by Frank Schnittger
Thu Mar 4th, 2010 at 10:22:37 AM EST
Wave energy is one of the great virtually untapped renewable energy sources on the planet and OceanEnergy is one of a number of Irish Companies intent on capturing it. Another company in the same market is Wavebob
Irish wave energy technology company Wavebob Ltd. announced today that the EU FP7 R&D programme is to provide grant aid of 5.1 million to a consortium led by Wavebob Ltd, in order to deploy a full-scale pre-commercial, grid-connected wave energy converter (WEC) off the coast of Portugal. The 6-company consortium will invest a further 3.4 million, bringing total funding for the project to over 8.5 million.
Ocean Energy signs turbine deal
Irish wave energy development company Ocean Energy has signed a deal with a US firm in what the company says will be a "major milestone" in the development of wave power in Ireland.
Under the agreement, multinational Dresser-Rand will supply and develop turbines for the Irish company, which Ocean Energy says is an endorsement of its technology.
Thousands of Irish jobs could be created as part of a global wave energy market that is worth an estimated 200 billion each year, Ocean Energy said.
"Capturing just 5 per cent of this theoretical global resource could satisfy 25 per cent of the current global electricity consumption of 18,000 TWh/year."
Meanwhile, the wind energy sector also seems to be moving well ahead of target...
Ireland 'ahead on renewable targets' - The Irish Times - Thu, Mar 04, 2010
Ireland met its targets for generating 15 per cent of electricity from renewable sources by 2010 in January, a conference in Dublin was told this morning.
Addressing the National Summit on Renewable Energy at Croke Park, Minister for Energy Eamon Ryan also revealed that Ireland is on schedule to overshoot its aim of achieving 40 per cent of the State's electricity needs from renewables by 2020.
Mr Ryan said he believed there are no longer any differences between political parties and industry on what needs to be done and the only issue left was the speed of the development of renewable energy.
The Minister also revealed his department was in talks with authorities in Britain on "about three" new electricity interconnectors across the Irish Sea.
He said a new study has got underway in recent days, in conjunction with authorities in Scotland, on the setting up of an undersea grid connection along the Irish Sea bed. This grid would connect wind energy installations in Wales, England, Scotland, Northern Ireland and Ireland.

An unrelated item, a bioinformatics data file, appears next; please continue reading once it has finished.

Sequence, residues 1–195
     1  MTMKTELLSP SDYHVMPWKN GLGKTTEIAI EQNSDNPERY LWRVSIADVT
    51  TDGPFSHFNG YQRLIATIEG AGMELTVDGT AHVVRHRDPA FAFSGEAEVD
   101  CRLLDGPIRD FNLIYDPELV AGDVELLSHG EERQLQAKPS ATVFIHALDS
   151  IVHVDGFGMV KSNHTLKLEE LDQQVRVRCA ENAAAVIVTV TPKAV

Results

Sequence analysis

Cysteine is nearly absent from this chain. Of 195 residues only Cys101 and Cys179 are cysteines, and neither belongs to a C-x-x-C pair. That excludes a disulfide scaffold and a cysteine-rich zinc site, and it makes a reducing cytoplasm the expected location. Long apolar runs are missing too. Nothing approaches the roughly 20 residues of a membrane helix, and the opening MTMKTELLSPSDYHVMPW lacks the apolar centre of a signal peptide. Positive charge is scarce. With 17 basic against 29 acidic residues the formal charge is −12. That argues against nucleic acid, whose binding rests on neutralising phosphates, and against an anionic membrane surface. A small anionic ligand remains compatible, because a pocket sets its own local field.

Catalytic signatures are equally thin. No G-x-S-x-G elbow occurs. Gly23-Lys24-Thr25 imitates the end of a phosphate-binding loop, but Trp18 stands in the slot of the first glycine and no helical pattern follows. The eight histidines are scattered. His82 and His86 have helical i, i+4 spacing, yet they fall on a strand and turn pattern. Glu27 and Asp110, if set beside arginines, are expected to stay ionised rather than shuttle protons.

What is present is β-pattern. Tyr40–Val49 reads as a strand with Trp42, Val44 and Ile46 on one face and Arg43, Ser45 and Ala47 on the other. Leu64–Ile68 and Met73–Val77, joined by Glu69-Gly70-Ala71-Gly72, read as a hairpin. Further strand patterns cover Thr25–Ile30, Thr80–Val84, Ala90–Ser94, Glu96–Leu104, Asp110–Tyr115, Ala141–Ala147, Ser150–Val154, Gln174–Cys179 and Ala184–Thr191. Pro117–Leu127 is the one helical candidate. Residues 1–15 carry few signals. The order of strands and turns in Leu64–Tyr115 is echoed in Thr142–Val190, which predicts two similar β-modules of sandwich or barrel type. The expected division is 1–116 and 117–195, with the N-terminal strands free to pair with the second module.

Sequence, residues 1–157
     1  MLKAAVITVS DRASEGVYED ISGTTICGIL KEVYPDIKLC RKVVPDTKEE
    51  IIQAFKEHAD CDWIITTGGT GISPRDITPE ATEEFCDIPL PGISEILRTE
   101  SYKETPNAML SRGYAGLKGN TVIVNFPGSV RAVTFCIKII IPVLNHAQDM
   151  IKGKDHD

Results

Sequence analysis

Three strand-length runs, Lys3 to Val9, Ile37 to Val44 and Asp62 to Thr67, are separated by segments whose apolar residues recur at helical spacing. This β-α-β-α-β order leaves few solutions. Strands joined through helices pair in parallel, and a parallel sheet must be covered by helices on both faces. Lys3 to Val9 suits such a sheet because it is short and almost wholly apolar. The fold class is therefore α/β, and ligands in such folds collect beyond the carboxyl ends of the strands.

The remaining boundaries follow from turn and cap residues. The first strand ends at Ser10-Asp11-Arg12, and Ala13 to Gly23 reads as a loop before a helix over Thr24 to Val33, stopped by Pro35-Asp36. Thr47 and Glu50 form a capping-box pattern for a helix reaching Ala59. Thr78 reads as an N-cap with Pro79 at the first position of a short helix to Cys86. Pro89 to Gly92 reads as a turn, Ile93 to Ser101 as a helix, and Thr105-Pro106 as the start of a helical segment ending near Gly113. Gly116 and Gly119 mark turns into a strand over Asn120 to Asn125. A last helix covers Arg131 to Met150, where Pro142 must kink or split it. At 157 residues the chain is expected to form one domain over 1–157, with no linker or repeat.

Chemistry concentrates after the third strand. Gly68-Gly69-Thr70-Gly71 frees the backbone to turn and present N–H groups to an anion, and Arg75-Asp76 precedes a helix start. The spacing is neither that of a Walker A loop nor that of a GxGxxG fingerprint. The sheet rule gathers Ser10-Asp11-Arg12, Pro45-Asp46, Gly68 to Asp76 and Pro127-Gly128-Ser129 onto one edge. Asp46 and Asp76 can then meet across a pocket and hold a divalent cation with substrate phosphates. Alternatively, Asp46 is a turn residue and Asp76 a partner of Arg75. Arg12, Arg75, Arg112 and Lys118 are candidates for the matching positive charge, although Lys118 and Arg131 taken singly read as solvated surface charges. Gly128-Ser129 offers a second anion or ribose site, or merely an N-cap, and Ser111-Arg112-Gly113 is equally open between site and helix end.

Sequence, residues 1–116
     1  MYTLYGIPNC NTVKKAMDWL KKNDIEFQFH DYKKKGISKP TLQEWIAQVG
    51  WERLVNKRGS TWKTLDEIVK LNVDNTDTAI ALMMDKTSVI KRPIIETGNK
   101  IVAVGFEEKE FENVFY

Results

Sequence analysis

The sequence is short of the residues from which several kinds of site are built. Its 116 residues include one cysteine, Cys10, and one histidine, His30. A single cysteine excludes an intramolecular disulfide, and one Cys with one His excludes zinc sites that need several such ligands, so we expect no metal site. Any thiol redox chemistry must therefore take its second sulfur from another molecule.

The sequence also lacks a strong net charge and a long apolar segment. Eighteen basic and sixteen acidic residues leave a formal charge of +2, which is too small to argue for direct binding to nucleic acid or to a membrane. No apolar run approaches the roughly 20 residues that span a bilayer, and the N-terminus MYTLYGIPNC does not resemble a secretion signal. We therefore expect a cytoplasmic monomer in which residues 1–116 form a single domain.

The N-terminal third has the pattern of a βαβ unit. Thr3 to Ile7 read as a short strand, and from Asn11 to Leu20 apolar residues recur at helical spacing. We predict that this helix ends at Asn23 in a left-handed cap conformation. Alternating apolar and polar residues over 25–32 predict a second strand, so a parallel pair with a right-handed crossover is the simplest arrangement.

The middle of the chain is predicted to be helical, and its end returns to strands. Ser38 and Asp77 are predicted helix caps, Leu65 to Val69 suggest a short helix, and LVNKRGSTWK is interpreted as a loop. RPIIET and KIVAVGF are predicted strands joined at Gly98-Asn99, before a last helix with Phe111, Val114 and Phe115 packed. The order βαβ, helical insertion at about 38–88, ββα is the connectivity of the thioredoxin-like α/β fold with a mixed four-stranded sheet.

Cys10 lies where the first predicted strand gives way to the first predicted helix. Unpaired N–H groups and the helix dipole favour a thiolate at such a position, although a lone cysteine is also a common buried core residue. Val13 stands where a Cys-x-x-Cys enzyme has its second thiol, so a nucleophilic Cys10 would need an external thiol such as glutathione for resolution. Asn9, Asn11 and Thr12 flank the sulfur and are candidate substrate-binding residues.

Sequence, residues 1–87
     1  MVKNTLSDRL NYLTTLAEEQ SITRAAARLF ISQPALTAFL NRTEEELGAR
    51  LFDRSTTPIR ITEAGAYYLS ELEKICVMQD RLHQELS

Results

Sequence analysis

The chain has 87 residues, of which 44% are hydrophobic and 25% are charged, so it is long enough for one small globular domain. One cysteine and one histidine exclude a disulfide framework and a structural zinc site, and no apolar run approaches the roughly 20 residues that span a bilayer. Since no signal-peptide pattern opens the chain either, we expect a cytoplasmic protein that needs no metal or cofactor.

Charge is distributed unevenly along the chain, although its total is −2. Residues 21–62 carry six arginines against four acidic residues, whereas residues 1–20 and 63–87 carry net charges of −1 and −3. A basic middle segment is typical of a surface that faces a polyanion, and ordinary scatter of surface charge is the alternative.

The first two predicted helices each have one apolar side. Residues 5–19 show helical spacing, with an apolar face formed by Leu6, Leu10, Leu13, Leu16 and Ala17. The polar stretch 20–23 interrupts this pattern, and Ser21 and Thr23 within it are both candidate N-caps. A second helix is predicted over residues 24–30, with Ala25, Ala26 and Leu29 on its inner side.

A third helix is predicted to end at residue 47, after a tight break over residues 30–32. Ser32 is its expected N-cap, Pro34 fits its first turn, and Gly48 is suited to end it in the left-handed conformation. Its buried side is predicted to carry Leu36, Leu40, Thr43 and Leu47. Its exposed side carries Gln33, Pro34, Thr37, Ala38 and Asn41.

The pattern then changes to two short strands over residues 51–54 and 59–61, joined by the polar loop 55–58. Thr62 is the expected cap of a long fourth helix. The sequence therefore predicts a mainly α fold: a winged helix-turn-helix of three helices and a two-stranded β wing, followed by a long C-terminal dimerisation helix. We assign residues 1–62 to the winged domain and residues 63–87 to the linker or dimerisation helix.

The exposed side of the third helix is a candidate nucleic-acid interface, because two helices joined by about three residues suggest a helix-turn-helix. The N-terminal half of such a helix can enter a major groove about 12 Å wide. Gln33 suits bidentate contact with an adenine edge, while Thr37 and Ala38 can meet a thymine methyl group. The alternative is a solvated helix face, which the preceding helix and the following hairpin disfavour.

The undersea connection would ultimately become part of a larger grid proposed by 10 states in northwestern Europe, which in turn is designed to link into a pan European grid which includes solar energy contributed by Mediterranean countries and Portugal.
Mr Ryan also said new measures would be introduced to coordinate various different incentives available for energy efficiency, such as grants for home and commercial building energy efficiency, with new "obligations" on industry to design and provide for more efficiency.
EirGrid chief executive Dermot Byrne said there were currently 1,260 megawatts of wind energy connected to the Irish grid. In addition, there are 1,300 megawatts under construction and a further 3,990 megawatts would be sanctioned under the next round of allocations.
This would give more than the required 40 per cent by 2020. Even allowing for the possibility that not all of the projects would be built, Mr Byrne said the likelihood was that Ireland's 40 per cent target would be achieved by 2017 or 2018.
He said the development of improvements to the grid, known as "Grid 25" was vital to the success of the plan and he asked conference attendees to support EirGrid's plans for an overhead 400kv North South interconnector on the island. Public consultation on this proposal ends on March 12th.
Mr Byrne said this was a vital piece of infrastructure and would be the largest project to come before An Bord Pleanala's strategic infrastructure arm.
Mr Byrne also announced that a 110 million grant for the East West Interconnector between Ireland and Britain was formally signed off by the European Commission yesterday.
The grant was made under a "stimulus package" approved by the commission last July, which was first announced by Mr Byrne last September
It is in addition to "soft loans" from the European Investment Bank which will see up to 300 million invested in the interconnector. A further allocation of up to 200 million has been approved by the bank for development of the ESB's renewable energy businesses, principally wind farms.
Donal Murphy director of Global Project Finance with Bank of Ireland said there was a danger of a "dropping off" of applications for loans from developers of renewable energy. He said this was because of a perception that no loans were available, but he maintained that perception was mistaken.
Mr Murphy told the conference the bank had a fund of 800 million for renewable energy and this was "certainly not a sector that was being ignored".
I will leave it to the experts here to gauge the true significance of these developments, but it seems to my inexpert eye that the Irish renewables industry is finally getting its act together.